On the subject of gratitude. A big thank you to Senior, Eryn, who is taking time to mentor our writer’s group through a very challenging initiative – the writing of a novel in just ONE month.  The grit, motivation and organization required is our biggest challenge.  Participants can still sign up these first few days in November but should try to make the Wednesday meetings for support and boosts to your word count. One day down – 2% finished my novel draft.  How about you?


With resources all needing to come back for stocktake before the Christmas holidays, we’re encouraging students to ease off on borrowing them by the end of November.  You can read our eBooks and participate in our free trial of AudioBooks by using your Smartphone, Table or Computer to borrow and read from our online Wheelers Website.  Download ePlatform today for your phone or tablet and let us know if you need help.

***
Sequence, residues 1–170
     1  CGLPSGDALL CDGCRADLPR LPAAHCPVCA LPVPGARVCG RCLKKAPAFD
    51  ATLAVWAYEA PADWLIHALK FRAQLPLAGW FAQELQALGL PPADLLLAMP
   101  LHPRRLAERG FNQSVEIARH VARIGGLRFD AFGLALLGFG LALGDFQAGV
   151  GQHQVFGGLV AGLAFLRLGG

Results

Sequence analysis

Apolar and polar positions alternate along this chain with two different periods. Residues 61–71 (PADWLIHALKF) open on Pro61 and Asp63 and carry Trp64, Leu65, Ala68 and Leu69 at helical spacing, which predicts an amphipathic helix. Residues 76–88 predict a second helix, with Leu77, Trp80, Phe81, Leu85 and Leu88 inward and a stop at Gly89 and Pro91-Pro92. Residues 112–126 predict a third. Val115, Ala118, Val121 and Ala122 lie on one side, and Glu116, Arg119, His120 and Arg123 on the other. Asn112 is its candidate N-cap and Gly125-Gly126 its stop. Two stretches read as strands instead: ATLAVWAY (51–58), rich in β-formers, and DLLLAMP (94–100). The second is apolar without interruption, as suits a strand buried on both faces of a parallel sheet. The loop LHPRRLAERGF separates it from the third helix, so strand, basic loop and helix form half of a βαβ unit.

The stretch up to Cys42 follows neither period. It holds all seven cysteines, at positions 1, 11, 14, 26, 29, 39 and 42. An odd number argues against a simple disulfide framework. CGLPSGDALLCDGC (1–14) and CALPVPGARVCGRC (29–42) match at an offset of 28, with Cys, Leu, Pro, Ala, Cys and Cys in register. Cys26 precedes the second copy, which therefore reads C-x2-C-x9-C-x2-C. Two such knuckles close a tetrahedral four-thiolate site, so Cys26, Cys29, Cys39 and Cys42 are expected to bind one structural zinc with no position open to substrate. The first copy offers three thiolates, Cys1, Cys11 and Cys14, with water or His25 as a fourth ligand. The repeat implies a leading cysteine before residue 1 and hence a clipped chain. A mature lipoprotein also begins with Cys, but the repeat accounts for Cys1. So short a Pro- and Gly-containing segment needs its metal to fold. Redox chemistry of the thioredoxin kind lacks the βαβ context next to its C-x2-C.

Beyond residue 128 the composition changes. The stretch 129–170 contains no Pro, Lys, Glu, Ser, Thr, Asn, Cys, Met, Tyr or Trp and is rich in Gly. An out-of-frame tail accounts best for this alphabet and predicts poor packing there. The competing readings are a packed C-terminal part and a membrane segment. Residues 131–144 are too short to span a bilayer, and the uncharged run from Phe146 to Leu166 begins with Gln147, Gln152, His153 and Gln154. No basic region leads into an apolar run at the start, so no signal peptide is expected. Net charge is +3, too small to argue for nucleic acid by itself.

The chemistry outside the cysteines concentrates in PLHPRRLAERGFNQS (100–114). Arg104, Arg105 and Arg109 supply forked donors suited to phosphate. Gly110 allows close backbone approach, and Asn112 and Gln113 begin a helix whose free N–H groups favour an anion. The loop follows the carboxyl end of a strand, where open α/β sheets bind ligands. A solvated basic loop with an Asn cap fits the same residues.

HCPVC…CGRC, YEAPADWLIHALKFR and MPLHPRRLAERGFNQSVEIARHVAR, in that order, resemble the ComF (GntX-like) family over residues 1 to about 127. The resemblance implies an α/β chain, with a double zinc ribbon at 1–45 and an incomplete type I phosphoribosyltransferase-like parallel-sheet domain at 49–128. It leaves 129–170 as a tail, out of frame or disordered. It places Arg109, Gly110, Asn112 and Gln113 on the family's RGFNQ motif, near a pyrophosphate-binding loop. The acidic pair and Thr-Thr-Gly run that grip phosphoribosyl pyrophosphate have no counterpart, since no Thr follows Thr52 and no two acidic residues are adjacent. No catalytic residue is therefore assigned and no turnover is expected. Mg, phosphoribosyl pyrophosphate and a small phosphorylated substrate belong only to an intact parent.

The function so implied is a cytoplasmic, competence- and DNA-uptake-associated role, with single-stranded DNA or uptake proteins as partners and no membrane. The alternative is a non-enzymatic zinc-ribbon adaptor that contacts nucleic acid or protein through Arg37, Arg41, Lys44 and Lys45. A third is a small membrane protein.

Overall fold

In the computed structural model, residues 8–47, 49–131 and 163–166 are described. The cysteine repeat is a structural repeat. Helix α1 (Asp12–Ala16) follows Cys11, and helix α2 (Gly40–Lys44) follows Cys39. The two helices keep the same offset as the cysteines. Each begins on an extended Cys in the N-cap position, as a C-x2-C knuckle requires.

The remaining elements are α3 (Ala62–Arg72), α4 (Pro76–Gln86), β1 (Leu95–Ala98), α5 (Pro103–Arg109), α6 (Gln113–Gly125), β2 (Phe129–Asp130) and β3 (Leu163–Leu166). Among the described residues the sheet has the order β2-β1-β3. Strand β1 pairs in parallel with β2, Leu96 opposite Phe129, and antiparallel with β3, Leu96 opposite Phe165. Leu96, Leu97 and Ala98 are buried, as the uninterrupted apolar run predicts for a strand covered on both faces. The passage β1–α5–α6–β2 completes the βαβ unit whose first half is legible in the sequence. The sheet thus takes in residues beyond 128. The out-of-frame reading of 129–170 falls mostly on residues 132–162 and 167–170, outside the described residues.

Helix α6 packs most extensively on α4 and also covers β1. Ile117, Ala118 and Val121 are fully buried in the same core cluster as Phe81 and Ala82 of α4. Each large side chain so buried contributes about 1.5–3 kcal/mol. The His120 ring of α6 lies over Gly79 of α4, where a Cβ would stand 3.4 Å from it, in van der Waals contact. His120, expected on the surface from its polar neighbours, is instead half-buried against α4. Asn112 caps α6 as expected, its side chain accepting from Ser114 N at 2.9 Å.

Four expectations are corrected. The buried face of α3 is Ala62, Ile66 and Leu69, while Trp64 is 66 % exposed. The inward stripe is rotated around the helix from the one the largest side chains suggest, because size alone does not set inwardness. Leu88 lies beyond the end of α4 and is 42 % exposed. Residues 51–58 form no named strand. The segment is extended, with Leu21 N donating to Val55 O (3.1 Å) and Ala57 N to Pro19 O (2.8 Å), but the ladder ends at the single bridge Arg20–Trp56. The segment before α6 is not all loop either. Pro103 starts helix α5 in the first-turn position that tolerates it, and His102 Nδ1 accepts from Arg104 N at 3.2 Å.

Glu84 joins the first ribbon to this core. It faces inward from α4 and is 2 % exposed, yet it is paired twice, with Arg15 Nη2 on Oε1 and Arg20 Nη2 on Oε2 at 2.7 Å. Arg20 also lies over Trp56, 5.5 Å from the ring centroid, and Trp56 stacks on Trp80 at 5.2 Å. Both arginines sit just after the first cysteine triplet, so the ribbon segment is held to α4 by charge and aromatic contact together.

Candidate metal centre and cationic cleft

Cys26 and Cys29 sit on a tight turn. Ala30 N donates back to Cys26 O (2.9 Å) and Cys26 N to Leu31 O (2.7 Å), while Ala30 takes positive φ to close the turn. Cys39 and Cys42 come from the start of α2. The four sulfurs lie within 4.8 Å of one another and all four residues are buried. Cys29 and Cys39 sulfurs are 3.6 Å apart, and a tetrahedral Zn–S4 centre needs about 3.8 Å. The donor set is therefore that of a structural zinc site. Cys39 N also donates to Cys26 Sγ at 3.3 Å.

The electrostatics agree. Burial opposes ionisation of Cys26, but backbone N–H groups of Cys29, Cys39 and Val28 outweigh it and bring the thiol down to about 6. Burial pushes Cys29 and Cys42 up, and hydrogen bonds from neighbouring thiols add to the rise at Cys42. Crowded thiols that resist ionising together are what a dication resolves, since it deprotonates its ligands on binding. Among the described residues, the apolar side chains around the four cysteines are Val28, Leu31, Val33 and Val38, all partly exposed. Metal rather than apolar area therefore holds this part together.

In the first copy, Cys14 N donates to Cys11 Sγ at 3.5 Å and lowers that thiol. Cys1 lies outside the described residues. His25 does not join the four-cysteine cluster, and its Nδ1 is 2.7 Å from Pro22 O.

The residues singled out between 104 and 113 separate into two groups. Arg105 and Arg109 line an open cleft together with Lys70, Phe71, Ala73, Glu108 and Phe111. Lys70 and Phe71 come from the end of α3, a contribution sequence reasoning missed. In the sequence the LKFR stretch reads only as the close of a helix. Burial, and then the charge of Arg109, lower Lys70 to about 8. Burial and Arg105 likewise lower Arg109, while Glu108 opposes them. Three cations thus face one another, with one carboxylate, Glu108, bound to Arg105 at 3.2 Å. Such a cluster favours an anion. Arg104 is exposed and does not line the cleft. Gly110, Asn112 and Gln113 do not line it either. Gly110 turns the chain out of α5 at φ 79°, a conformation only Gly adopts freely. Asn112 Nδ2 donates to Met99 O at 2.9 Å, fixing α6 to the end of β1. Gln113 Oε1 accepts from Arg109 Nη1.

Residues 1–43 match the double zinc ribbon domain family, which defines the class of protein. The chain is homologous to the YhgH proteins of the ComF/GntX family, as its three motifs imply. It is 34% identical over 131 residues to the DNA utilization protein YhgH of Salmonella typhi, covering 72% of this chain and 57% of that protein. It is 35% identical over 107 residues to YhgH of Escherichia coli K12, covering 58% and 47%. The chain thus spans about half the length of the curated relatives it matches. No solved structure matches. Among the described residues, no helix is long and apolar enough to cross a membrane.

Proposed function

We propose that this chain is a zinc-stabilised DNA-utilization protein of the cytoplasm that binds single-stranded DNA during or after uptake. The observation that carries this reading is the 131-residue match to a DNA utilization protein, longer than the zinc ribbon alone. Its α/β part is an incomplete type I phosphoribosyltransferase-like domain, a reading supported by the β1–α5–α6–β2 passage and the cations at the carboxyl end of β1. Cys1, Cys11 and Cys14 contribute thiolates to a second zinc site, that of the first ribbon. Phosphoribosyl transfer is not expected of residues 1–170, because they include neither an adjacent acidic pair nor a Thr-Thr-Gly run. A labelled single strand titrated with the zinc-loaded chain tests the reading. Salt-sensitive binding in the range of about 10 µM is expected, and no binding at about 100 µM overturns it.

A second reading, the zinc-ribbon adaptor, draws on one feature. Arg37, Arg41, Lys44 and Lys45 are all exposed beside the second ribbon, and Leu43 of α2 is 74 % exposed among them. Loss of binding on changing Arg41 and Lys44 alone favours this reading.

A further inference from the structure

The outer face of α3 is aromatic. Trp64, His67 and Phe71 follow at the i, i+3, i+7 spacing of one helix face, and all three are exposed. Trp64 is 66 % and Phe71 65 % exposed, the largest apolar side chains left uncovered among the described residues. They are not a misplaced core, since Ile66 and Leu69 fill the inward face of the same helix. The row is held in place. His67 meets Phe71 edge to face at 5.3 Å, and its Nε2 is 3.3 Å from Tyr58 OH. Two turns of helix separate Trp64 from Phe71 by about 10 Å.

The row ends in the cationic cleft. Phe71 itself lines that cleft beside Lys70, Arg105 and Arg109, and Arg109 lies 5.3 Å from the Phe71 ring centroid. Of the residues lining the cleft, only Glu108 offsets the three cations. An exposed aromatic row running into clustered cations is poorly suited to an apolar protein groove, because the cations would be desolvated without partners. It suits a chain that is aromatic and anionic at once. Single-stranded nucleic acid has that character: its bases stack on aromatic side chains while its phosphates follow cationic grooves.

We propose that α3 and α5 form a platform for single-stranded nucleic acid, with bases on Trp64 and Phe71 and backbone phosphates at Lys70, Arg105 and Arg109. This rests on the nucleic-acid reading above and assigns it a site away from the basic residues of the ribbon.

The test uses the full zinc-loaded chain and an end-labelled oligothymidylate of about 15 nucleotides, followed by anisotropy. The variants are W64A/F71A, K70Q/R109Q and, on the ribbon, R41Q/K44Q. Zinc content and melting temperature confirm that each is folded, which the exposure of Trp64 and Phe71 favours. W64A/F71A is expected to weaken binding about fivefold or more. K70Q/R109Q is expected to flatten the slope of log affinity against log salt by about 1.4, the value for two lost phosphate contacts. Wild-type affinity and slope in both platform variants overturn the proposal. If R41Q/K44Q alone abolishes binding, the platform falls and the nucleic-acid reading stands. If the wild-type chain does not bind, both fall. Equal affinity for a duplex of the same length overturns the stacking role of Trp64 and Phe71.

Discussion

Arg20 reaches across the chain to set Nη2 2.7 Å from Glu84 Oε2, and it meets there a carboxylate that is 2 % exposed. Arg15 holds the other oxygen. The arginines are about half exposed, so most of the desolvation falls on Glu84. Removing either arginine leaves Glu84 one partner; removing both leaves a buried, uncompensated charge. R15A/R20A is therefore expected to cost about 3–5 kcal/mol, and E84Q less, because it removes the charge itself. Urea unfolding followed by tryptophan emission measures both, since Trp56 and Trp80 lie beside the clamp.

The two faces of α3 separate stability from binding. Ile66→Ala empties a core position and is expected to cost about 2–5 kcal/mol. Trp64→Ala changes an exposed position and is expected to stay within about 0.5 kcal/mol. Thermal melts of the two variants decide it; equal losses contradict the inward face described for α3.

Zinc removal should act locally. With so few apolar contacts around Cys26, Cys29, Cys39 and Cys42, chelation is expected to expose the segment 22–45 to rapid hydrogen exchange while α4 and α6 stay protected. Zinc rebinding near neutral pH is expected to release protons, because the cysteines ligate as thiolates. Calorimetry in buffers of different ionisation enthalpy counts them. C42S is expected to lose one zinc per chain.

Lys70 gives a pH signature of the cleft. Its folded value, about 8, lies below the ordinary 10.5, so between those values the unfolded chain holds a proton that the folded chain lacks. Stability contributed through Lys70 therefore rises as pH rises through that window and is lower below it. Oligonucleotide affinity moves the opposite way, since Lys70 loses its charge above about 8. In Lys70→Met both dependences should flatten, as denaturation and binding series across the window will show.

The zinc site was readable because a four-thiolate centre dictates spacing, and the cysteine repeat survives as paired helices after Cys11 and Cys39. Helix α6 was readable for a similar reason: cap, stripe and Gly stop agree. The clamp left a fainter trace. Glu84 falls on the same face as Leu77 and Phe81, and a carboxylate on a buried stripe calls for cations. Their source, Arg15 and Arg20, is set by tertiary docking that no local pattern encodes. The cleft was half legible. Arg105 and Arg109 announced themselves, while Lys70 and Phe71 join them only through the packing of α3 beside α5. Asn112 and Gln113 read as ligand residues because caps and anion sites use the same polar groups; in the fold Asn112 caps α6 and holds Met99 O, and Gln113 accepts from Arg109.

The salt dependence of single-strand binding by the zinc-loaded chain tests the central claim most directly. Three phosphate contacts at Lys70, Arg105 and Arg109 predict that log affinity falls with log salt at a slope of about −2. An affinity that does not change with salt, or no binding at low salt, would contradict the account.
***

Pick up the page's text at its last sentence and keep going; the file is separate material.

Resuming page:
Horror stories have been moving since we whipped up a quick Halloween display. Scary stories will definitely become a new fiction section next year.  Marsupial Lion from the Queensland museum has also been on the floor for the past 2 weeks.


NaNoWriMo is Coming

First we started with a Banned Books display, moved to the Great Barrier Reef and next week to something really mysterious with Thylacine from the Qld Museum regional loans.  Looking forward to that one.